Concerns about email privacy are on the rise, and there are a variety of solutions available. When it comes to email, Apple’s Hide My Email is a good example. Yo can remove trackers from your emails using email protection services such as DuckDuckGo Email Protection. However, if you’re looking for a truly private email service, ProtonMail is a popular choice.
According to recent reports, ProtonMail shared a climate activist’s IP address with French authorities, resulting in the activist’s arrest. Users are now concerned that the service isn’t as private as it was previously advertised.
For Android and iOS users alike, ProtonMail login comes highly recommended as one of the best privacy-preserving apps available today. To sign up for the ProtonMail app, you don’t need to provide personal information, so the company doesn’t know anything about you. This appears to be the ideal email service for the person who doesn’t want to leave a digital footprint. However, if the law requires it, Proton must keep a record of every IP address it receives. In other words, ProtonMail only holds a form of a user’s activities when required to do so by law.
Observation and Inference
The entire ProtonMail case revolves around the company’s obligation to abide by the law. Although Proton refused to provide information to international agencies, it was forced to do so by Swiss television stations. An excerpt from ProtonMail’s blog post explains the issue in further detail.
Transparency reports on the number of requests for data made to ProtonMail by Swiss and international agencies are also available. According to the numbers, more than 3,500 orders for data collection were issued by Swiss authorities in 2020, as few as 13 orders were placed in 2017. Over 3,000 orders were complied within 2020, while ProtonMail challenged over 700 orders.
For the first time in recent memory, it is clear that Swiss and international authorities are actively pursuing user data. According to ProtonMail’s transparency report stats shown in the screenshot above, this is the case. To put it another way, ProtonMail complied with the law without sacrificing user privacy.
Is ProtonMail Secure Enough To Use?
Is Protonmail secure? ProtonMail’s emails, attachments, and calendars are encrypted by default, so the company can’t read or share them. ProtonMail can be used with a VPN to mask your IP address if you prefer more privacy and anonymity.
To avoid this problem, you’ll need to choose a VPN that doesn’t log user information. The company claims it “cannot be compelled to log user data,” so that’s an option. So if you want complete privacy, you can use a virtual private network (VPN) in conjunction with your email service to protect your information.
Protonmail vs. Gmail
The use of custom domains is one of the essential requirements for an email service to be considered for business use. Gmail and Protonmail both offer paid plans that include this feature.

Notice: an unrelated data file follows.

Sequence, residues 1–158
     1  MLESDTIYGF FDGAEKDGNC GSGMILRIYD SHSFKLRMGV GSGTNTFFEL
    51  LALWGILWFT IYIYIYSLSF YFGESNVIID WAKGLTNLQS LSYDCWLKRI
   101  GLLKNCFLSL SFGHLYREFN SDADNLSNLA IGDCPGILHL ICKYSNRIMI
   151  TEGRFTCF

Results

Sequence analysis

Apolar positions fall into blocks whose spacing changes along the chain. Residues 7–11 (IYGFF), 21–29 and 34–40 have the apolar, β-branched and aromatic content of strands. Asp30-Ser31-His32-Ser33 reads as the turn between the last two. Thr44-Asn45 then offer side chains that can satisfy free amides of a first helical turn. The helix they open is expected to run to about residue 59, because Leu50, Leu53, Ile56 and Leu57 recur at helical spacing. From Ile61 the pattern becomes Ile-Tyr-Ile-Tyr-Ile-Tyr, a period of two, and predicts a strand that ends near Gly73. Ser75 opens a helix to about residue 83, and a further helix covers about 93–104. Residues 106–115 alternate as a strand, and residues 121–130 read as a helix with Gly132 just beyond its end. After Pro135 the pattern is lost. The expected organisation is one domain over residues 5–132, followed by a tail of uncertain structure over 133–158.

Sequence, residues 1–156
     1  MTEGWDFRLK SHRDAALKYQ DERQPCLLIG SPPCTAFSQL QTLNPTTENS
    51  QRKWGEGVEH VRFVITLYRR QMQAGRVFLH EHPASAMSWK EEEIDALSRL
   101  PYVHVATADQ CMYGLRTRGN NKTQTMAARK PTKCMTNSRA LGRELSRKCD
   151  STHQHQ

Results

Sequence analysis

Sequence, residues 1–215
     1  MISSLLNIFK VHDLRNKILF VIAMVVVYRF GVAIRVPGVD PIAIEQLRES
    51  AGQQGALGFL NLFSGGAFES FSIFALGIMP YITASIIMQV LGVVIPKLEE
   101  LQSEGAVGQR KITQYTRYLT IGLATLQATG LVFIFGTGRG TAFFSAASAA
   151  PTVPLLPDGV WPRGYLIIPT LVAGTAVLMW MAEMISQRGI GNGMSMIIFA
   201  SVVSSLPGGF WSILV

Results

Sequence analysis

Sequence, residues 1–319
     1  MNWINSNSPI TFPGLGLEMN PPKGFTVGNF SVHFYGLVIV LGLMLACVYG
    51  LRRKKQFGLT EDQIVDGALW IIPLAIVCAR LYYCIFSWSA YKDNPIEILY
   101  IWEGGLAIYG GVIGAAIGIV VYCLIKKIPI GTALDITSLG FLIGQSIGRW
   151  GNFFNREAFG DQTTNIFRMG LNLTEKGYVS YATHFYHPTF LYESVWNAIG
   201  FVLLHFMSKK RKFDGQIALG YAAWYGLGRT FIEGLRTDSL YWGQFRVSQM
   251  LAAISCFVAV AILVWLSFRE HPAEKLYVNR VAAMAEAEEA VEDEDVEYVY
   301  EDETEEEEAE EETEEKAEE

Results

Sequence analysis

Their user interfaces are also very similar, with separate folders for each of the types above of messages. You can set up your custom folders and filters to handle incoming emails in the way you see fit.
Even though there are many similarities, each service has its own distinct set of features.
End-to-end encryption, the ability to encrypt emails with a password the recipient must know to open the email, and emails that self-destruct after a predetermined amount of time are Protonmail’s main selling points. As a result of Switzerland’s strict data privacy laws, both the company and its servers are here.
Using Gmail, you can start a video or text chat right from your email inbox.
Your attitude toward data security will play a significant role in determining which product has the best features. If security is a top priority, Protonmail is the better option. However, the extra security comes at a cost.
You can use the web version of Protonmail or Gmail on a desktop or laptop computer, or you can use the apps for Android and iOS on your mobile device. Microsoft Outlook, Apple Mail, and Mozilla Thunderbird are just a few of the many desktop email clients that support Gmail, but Protonmail is not one of them. Protonmail’s only desktop app seems to be a “wrapper” app that can be downloaded from Github.
However, the fact that Protonmail’s web browser user interface is similar to many desktop apps makes up for the lack of a specific desktop app for the service.
However, Protonmail falls far short of Gmail in a critical area. As previously stated, Protonmail takes its security very seriously. To protect your data, it’s important to encrypt it, but this makes it difficult to search for previous emails. The subject line, sender, recipient, date, folder, or content can all be explored in Gmail for old emails that you no longer want to keep.
You can’t search for anything in your email messages because Protonmail doesn’t index them because of the encryption process. In comparison to Gmail, Protonmail’s search function is severely limited. If you do a lot of this type of searching, you should think about whether the added security is worth it.
Pricing and options
A paid plan is required if you want to use Protonmail or Gmail in a professional capacity. The paid version of Gmail is part of G Suite, which includes several other Google applications.
Protonmail range from $5 per month for a single user to $8 per month for as many as 5,000. 5 GB of storage and five email addresses are included in each user’s account. Each user is limited to a certain number of emails per day. Also available is the Visionary plan for six users and 20 GB of storage that costs $30/month and includes ProtonVPN—purchasing a year’s worth of service from Protonmail results in significant savings.